37-year-old female presented with Complaints of dryness of eyes, mouth for 6 months.
Tingling sensation in both upper limbs for 3 days, insidious in onset, no postural variation, no aggravating and relieving factors
Complaints of upper and lower limb weakness, insidious onset, progressive, initially able to mix food and grip onto slippers now unable to lift hands above the level of head for 2 days, patient was able to get up from sitting position initially, now unable to do so.
Breathlessness since 1-day, insidious onset, progressive, initially on strenuous exercise progressed to at rest (MMRC 0 – MMRC 4), no postural variation, no diurnal variation. History of multiple joint pains for 4 days.
No h/o fever, No mouth ulcers.
No h/o change in voice, blurring of vision.
No h/o loss of smell, photophobia, double vision.
No h/o facial deviation, loss of sensation over face
No h/o difficulty in chewing, swallowing
No h/o auditory disturbances, vertigo, dizziness.
No h/o deviation of tongue, drooping of shoulder.
No h/o palpitations, sweating, loss of consciousness
No h/o increased thirst, increased appetite, increased frequency of passing urine.
No h/o vomiting, diarrhea, abdominal pain
She had past h/o Henoch Schoenlein Purpura in 2016 on alternate medication. 10 days post discharge, during follow up for above complaints, she presented with a rash on the lower limbs, insidious onset, progressive, erythematous, itchy rash. No other new symptoms.
A middle-aged female patient, moderately built and nourished, well oriented to time, place and person, alert, conscious and cooperative.
No Pallor,No Icterus, No Cyanosis, No Clubbing, No Lymphadenopathy, No Edema
Pulse rate: 88 bpm
BP: 100/60 mmHg
RR: 20 cpm
CVS: S1, S2 heard, no murmurs
RS: B/L NVBS ++, no added sounds
PA: Soft, non-tender, no organomegaly
Higher Mental Functions: Conscious, oriented
Cranial Nerves: Intact
Motor System: Bulk Normal, Tone Normal, Power 0/5 in all limbs, Areflexia, Planter reflex was mute
Sensory System: Intact
Cerebellar Signs: Normal
Signs of Meningeal Irritation: Absent.
Multiple maculopapular rash present over both lower limbs, erythematous, red to violet color, non-blanching.
RBS: 136 mg/dl
Peripheral Smear: Normocytic, Normochromic with Neutrophilic Leukocytosis.
Platelet Count: 3.12 Lakh/ cu. mm.
Sodium: 144 mEq/L Potassium: 2.9mEq/L
Chloride: 114 mEq/L
T3: 0.7 ng/ml
T4: 6.03 mcg/ml
TSH: 1.65 mcIU/ml
PT: 14.2 s
BT: 2 min
CT: 5 min
Anion Gap: 5.3
nRNP/Sm: Not Detected
Sm: Not Detected
SS-A: Detected (3+)
Ro 52: Detected (3+)
SS-B: Detected (2+)
Scl-70: Not Detected
PM-Scl: Not Detected
Jo-1: Not Detected
CENP: Not Detected
PCNA: Not Detected
dsDNA: Not detected
Histones: Not Detected
Rib. P-Protein: Not Detected
AMA-M2: Not detected
Urea: 33 mg/dl
Creatinine: 0.9 mg/dl
Biopsy of Skin: shows features suggestive of Leucocytoclastic Vasculitis.
2.Hypokalemic Periodic Paralysis
3.Renal Tubular Acidosis
Quadriparesis reversed immediately after correction of Hypokalemia which includes infusion of KCl.. 2 correction of Inj. KCl was given 1 day apart.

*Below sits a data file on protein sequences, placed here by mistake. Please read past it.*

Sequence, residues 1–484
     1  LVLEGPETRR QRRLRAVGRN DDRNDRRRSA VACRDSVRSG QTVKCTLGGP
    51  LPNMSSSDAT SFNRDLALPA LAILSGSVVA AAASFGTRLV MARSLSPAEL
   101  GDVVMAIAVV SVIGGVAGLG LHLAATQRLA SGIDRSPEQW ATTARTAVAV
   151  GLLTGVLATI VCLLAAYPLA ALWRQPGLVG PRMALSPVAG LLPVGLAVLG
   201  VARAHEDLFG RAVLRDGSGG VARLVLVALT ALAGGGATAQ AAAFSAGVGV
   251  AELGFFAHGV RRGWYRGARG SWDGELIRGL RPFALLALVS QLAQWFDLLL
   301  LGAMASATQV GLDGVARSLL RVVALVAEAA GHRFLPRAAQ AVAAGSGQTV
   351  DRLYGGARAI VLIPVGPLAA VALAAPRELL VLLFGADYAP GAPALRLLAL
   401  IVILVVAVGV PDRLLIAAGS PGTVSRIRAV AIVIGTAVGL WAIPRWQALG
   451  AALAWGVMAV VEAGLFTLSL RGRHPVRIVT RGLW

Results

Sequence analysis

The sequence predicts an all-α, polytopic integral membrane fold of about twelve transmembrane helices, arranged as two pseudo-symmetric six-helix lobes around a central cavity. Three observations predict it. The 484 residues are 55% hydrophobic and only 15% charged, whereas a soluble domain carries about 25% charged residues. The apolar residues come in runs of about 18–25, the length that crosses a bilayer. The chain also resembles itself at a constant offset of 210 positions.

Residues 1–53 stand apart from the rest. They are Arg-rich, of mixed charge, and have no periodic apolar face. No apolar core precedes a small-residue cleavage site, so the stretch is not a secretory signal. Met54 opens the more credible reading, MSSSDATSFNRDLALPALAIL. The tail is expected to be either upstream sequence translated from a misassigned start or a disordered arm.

Syp. POTASSIUM CHLORIDE (POTKLOR) 10 ml 1-1-1
•Hypokalemia was caused due to Renal Tubular Acidosis which was treated with Sodium Bicarbonate and diuretics. Tab. SODIUM BICARBONATE (SODAMINT) 2-2-2
(ABG report included in investigations)
Tab. AMITRIPTYLINE( COTRIP) 0-0-1
Cap.VITAMIN B 12(VICOBA) 1-0-0
Tab.HYDROXYCHLOROQUINE (HCQS) 400 mg 0-0-1
•LCV is treated with oral steroids along with Methotrexate which modulates the immune system and reduces the intensity of the disease.
•Sjögren’s Syndrome was treated symptomatically with eye drops, moisturizing lotion, saliva substitutes and immunomodulators like HCQS.
Sjögren’s syndrome is divided into primary and secondary forms. The clinical hallmarks of Sjögren’s syndrome are keratoconjunctivitis sicca (dry eyes), xerostomia (dry mouth), and parotid gland swelling. Extraglandular features of primary Sjögren’s syndrome include fatigue, Raynaud’s phenomenon, polyarthralgia/arthritis, interstitial lung disease, neuropathy, and purpura. (1)
Hypokalaemia Periodic Paralysis (HypoKPP) is a disease that usually occurs at adolescence. Men are more often affected because of decreased penetrance in women. Attacks are often provoked by meals high in carbohydrates or sodium and may accompany rest following prolonged exercise.
Weakness usually affects proximal limb muscles more than distal. Ocular and bulbar muscles are less likely to be affected. Respiratory muscles are usually spared, but when they are involved, the condition may prove fatal. Weakness may take as long as 24 h to resolve. Life-threatening cardiac arrhythmias related to hypokalaemia may occur during attacks. A low serum potassium level during an attack, excluding secondary causes, establishes the diagnosis. (2)
Leucocytoclastic Vasculitis is a type of cutaneous vasculitis (Immune Complex mediated Vasculitis) which usually presents as a palpable purpura, but a variety of other skin lesions may be found including pustules, vesicles, urticaria, and small ulcerations. (1)
Most cases of idiopathic cutaneous leukocytoclastic vasculitis are mild and resolve with supportive measures such as leg elevation, rest, compression stockings, and antihistamines. In more chronic or resistant cases, a 4-6 week tapering dose of corticosteroids can be used. Rarely, immunosuppressive steroid-sparing agents such as methotrexate, azathioprine, mycophenolate mofetil, dapsone, cyclophosphamide, and intravenous immunoglobulin may be needed. (3)
(1)Kelley Textbook of Rheumatology.
(2)Harrison’s Principles of Internal Medicine.
(3) Leukocytoclastic Vasculitis (Hypersensitivity Vasculitis)
Dana Baigrie; Pankaj Bansal; Amandeep Goyal; Jonathan S. Crane.